My my, how the time do fly

So… no posts in over two months. Let’s hit the high points:

  • Still cancer-free – had my latest round of CT scans and X-rays this week, everything is looking good.
  • Still married and working on an addition to the family.
  • Another nephew is on the way (18 months ago I had none – now I have seven – almost. And a niece.)
  • My mom is officially retired.
  • My wife has a blog… or at least the start of one πŸ™‚
  • Thinking of buying a new car, but need to sell the Celica first (now that I finally got the “check engine” light to turn off)
  • Took a couple of trips up to Chicago to visit the in-laws and hang out at the lake.
  • Been trying to get back in the habit of running… it’s a struggle.
  • Pluto no longer a planet? What madness is this?
  • Desperately need to mow the yard.

Anything I missed Molly? πŸ™‚

Lactic acid is good?

Ran across this article in the NY Times – pretty interesting. I’ve always felt that keeping below the “anaerobic zone” when working out didn’t make any sense – looks like I was right πŸ™‚

Everyone who has even thought about exercising has heard the warnings about lactic acid. It builds up in your muscles. It is what makes your muscles burn. Its buildup is what makes your muscles tire and give out.

Coaches and personal trainers tell athletes and exercisers that they have to learn to work out at just below their “lactic threshold,” that point of diminishing returns when lactic acid starts to accumulate. Some athletes even have blood tests to find their personal lactic thresholds.

But that, it turns out, is all wrong. Lactic acid is actually a fuel, not a caustic waste product. Muscles make it deliberately, producing it from glucose, and they burn it to obtain energy. The reason trained athletes can perform so hard and so long is because their intense training causes their muscles to adapt so they more readily and efficiently absorb lactic acid.

The notion that lactic acid was bad took hold more than a century ago, said George A. Brooks, a professor in the department of integrative biology at the University of California, Berkeley. It stuck because it seemed to make so much sense.

“It’s one of the classic mistakes in the history of science,” Dr. Brooks said.

Full Article at NY Times (registration may be required)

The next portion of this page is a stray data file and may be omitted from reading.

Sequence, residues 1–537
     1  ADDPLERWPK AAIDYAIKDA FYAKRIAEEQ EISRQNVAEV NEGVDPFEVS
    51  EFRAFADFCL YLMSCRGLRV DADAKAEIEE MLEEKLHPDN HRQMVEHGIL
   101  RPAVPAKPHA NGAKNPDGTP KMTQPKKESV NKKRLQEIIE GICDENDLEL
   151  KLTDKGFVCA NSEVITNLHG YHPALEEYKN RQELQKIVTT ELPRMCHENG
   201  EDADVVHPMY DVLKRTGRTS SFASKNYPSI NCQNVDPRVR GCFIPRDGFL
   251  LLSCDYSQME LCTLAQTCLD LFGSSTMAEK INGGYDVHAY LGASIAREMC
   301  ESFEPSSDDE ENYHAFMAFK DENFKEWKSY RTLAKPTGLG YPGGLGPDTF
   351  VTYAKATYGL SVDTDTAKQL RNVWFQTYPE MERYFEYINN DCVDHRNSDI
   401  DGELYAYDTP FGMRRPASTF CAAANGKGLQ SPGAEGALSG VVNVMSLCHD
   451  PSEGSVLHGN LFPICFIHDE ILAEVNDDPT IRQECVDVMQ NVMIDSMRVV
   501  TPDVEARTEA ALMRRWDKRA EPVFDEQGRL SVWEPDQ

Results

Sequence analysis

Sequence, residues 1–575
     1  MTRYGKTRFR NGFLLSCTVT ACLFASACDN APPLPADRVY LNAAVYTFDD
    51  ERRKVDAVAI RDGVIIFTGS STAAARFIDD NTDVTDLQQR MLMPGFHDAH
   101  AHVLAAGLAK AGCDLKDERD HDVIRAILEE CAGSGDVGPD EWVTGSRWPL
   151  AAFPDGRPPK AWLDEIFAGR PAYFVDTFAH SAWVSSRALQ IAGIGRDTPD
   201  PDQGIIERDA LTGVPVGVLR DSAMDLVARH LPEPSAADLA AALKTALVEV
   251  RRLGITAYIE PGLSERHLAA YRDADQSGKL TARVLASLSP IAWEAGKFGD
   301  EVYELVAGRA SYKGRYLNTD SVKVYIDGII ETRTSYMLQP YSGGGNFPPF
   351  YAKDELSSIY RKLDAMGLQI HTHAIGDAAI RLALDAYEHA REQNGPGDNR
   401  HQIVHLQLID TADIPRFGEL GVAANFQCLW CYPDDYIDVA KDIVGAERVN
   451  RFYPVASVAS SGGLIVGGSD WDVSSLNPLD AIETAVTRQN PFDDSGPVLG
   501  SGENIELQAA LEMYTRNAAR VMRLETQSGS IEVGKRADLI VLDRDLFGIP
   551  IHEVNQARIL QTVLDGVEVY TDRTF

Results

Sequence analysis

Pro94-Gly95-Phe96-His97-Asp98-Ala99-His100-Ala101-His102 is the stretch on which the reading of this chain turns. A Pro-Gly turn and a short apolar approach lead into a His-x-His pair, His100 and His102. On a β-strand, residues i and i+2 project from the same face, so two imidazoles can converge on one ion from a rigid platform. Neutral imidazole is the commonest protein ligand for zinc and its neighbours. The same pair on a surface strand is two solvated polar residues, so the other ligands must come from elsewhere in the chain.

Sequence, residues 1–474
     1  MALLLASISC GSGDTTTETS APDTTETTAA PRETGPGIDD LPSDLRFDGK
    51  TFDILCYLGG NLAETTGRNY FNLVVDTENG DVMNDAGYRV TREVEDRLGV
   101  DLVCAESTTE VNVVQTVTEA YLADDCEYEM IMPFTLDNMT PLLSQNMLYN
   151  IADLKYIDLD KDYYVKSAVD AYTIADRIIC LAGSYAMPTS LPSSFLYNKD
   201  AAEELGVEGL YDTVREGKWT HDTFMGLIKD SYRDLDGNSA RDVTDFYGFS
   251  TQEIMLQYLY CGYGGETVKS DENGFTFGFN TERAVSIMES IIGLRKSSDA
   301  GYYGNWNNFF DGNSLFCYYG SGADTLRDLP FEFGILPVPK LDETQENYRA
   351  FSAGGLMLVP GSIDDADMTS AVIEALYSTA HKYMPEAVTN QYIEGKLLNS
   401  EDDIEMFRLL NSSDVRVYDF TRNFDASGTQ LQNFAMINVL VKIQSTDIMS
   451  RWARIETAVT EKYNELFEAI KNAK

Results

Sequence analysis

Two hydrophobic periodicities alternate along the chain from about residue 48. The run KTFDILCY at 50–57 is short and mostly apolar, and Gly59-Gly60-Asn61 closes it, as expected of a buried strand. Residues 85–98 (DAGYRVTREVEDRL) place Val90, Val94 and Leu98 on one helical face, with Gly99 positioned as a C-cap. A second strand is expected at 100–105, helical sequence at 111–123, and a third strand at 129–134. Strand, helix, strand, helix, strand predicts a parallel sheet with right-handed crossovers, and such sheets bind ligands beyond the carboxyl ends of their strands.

More 5K Results

I ran not one, but two races last week (both 5Ks) – on Memorial Day my time was 32:35 (my best time so far), then on Saturday I didn’t do quite so well… 33:18. The first mile went really well – my pace at that point was under 9 minutes, but then I just lost steam around the 2.5 mile mark. Oh well – got another one coming up in three weeks, so my immediate goal is to work on short stretches of sprinting inbetween my normal pace. I’d love to get under the 30 minute mark for this next race, but it’ll be tough.

Race Results

This past Saturday I ran my first 5K since September. While I didn’t do as well as I hoped, I did much better than last year. My best time last year was around the 36 minute mark. On Saturday, my “gun time” was 33:50 (the time from when the gun sounds to when you cross the finish line). This race didn’t have chip time (the actual time from when you cross the starting line to the finish line), but it would have shaved another 30-45 seconds off my time.

Even more important than the time, I only stopped to walk at the water station – in the past I’ve always needed to stop a few times to walk. And I wasn’t nearly as tired at the end of the race as I have been in the past. So I know I can push myself harder next time and hopefully break the 30 minute mark.

Update: I finally found the official results online, and my official time was 33:39. More importantly, I finished 194th out of 372. Which doesn’t sound like a big deal, but it puts me right in the middle of the pack – in the top 52%. In comparison, my best finish last year was 125th out of 156, which put me in the bottom 20%. So definitely an improvement πŸ™‚

Another 5K

On Labor Day I ran another 5K, but unfortunately I wasn’t able to beat my previous best… But, I placed higher overall, so that’s something. Even the overall winners in this race ran a good two minutes slower than the winners from the July 4th 5K, so I guess it was just a slower course overall.

I’m going to try to do at least one more before it gets too cold… Running outside in freezing weather isn’t my idea of fun.

Got my latest test results back, and everything’s looking better than ever… my AFP was 4.2, which puts it well in the “safe” area for the first time since this whole thing started.

Zoloft, Lexapro, Paxil and running

I started taking Lexapro (an anti-depressant) last April when I was dealing with fears of having cancer (little did I know I was *right*). Anyway, now that I’m a year out from my diagnosis and no longer worrying as much about having a recurrence, I’m trying to get off of it. I’m slowly tapering off, but even so it’s leaving me in a foul mood most of the time.

In some good news, I ran another 5K Saturday, and did a little better than last time. I’m still slow as Christmas, but at least I’m progressing:

April 3 – 37:16
May 23 – 36:34
July 3 – 35:01

These people who can run it in 15 minutes just amaze me. Maybe someday. My goal was to run in the Nashville Marathon next April, but I think I may have to settle for the half marathon, and push the full marathon back another 6 or 12 months.